While Ammon and Lamoni traveled to the land of Middoni, they encountered Lamoni's father (his name is never given). Lamoni's father tries to command his son to return to his land and to kill Ammon. But Lamoni refuses after which the old king draws his sword and attempts to slay both Lamoni and Ammon. But Ammon draws his sword too and disables the old king. Ammon had the king in a tight position whereby the king had two options … give Ammon whatever he wanted or be killed.
Despite this great power that he had over the old king, Ammon did not "exercise unrighteous dominion." Rather he "forced" the old king to choose the right. Ammon did the right thing. Note that it was never Ammon's intention to force the king to listen to him to begin with. Rather because the king decided to enforce his command by the sword, Ammon had no other option other than to fight back. Once Ammon had the king pinned, Ammon did not request that the king be baptized, rather he forced the king to allow Lamoni and Ammon to go about their business.
The main applicable point here is that as we teach the gospel to our family and friends and neighbors and everyone else, we must remember that we cannot force anyone to heaven. And if ever we find ourselves in a position of power over anyone, we must not abuse it.
Always Show Love and Mercy
Because Ammon did not exercise unrighteous dominion over the old king, the king "was astonished exceedingly." (Alma 20:26) Because the old king was shown mercy, he became interested in learning more of the gospel. (Alma 20:27)
As we live the gospel more fully, others will see our example and consequently want to learn more of our beliefs. Opportunities will open for us to share the gospel as we strive to keep the commandments. We must never think that what we do in our life will not have consequences. Our choices have a direct and indirect impact on the lives of many.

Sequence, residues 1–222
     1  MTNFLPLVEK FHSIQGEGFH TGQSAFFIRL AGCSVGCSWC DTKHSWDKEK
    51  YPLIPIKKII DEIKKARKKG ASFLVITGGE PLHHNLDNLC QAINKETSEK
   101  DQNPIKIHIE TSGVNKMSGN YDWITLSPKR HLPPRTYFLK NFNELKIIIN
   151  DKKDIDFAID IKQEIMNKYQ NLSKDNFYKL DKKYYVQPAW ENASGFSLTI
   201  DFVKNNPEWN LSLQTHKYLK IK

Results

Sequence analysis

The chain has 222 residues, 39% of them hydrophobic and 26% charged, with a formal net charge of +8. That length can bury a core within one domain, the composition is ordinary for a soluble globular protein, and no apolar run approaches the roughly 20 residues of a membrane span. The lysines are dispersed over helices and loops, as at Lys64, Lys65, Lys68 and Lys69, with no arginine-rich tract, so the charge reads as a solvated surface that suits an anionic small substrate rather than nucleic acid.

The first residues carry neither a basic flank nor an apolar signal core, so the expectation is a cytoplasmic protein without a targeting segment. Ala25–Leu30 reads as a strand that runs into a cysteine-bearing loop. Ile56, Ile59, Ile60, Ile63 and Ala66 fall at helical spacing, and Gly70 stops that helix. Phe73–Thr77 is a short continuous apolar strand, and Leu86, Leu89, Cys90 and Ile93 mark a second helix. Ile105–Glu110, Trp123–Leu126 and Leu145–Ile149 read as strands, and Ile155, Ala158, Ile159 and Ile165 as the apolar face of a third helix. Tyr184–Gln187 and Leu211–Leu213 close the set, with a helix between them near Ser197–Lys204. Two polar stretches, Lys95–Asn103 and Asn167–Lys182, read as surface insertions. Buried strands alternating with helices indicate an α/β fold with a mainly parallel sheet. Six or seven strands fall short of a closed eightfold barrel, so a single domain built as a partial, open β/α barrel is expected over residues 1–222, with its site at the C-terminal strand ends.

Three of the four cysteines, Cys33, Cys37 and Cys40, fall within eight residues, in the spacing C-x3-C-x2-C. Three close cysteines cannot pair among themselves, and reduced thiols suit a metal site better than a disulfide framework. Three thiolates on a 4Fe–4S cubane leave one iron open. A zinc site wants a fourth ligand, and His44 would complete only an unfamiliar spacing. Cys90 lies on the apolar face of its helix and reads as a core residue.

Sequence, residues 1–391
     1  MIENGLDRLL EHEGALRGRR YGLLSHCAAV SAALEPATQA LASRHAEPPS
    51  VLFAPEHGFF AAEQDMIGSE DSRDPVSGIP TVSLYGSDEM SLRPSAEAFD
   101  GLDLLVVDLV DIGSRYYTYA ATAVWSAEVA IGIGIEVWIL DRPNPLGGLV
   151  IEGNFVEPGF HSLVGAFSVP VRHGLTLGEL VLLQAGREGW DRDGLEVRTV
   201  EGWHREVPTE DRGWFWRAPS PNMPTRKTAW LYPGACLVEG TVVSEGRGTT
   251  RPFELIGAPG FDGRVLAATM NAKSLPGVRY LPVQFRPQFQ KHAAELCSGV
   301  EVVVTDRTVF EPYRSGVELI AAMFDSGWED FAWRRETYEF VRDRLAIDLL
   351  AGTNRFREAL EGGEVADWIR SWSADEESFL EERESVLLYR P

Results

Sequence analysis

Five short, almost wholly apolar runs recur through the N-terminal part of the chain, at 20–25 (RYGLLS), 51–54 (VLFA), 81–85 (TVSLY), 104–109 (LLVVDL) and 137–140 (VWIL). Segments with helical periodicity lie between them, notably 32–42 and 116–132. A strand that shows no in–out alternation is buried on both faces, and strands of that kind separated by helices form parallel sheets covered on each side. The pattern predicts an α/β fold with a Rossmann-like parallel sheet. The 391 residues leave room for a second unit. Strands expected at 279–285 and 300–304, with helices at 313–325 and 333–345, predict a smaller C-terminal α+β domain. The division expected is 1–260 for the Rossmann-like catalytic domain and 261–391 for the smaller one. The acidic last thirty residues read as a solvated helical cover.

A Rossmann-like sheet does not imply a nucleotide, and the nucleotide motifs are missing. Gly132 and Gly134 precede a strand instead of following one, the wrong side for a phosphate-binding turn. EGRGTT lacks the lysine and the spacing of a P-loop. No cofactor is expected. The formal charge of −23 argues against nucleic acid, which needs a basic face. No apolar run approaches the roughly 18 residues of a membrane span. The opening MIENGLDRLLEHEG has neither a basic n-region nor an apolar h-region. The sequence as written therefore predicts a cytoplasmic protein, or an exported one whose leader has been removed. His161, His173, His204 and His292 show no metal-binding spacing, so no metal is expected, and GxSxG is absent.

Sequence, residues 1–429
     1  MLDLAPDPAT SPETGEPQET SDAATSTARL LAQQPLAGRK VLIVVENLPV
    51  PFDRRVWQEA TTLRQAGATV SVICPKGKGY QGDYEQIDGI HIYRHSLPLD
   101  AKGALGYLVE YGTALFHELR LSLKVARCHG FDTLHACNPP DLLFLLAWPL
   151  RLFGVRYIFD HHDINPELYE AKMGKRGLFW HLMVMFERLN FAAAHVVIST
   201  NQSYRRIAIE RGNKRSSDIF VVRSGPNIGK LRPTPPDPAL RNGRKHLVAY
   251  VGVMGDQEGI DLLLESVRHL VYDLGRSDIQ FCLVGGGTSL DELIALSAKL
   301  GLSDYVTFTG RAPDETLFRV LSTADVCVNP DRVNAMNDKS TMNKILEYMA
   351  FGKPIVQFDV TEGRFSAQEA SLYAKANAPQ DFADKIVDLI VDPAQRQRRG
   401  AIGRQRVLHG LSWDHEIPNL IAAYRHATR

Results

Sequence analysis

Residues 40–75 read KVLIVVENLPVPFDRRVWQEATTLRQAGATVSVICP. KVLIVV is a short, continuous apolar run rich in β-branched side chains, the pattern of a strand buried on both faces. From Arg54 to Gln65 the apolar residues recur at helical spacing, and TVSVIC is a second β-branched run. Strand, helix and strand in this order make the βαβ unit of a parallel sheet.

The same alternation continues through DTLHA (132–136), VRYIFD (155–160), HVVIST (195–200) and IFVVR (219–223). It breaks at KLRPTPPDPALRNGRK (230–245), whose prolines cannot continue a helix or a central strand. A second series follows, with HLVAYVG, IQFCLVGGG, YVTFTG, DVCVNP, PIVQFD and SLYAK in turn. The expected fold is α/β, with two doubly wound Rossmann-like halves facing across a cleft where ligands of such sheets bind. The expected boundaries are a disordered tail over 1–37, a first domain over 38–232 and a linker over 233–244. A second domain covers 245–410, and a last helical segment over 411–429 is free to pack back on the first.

Patience in Suffering
When Ammon and Lamoni were finally able to rescue Aaron, Muloki and Ammah, they found them naked and bound and in great suffering. "Nevertheless, they were patient in all their sufferings." (Alma 20:29) Just like Nephi of old, these missionaries patiently suffered the afflictions that were placed upon them. No murmuring word came from their mouth.
The next verse (Alma 20:30) offers profound insight. "And, as it happened, it was their lot to have fallen into the hands of a more hardened and a more stiff-necked people" (emphasis added). We do not know what life will throw at us at any given time. Tomorrow I may lose my job or my wife or one of my children may contract cancer or some terminal illness. EVERYONE will go through hard times at some point in their lives … be it spiritual or emotional or physical. The significant variable in trials, however, is our reaction to adversity. Will we murmur like Laman and Lemuel or will we bear patience in all things? (Alma 38:4)
If we are murmuring, then we are not listening to the Spirit who is trying to instruct us. We must follow the counsel Elder Maxwell offered when he said, "if our lips are closed to murmuring, then our eyes can be opened." He preceded this advice with an example from the Old Testament.
He says, "Ancient Israel was once compassed about with “a great host” of hostile horses and chariots. Elisha counseled his anxious young servant, “Fear not: for they that be with us are more than they that be with them.” The prophet then prayed that the Lord would “open” the young man’s eyes, “and he saw: and, behold, the mountain was full of horses and chariots of fire round about Elisha”! (2 Kgs. 6:14–17.) (Neal A. Maxwell, “‘Murmur Not’,” Ensign, Nov 1989, 82)
As for me personally, I tend to murmur too much. Another bit of counsel from Elder Maxwell taught me that murmurers have short memories. My family and I have been blessed so much yet I tend to see all our shortcomings rather than the hand of the Lord in blessing our lives. The Lord has blessed us in the past with so much. And he continues to bless and lead and guide us. I need to spend more time counting my blessings and the progress we've made rather than the things we need to improve at.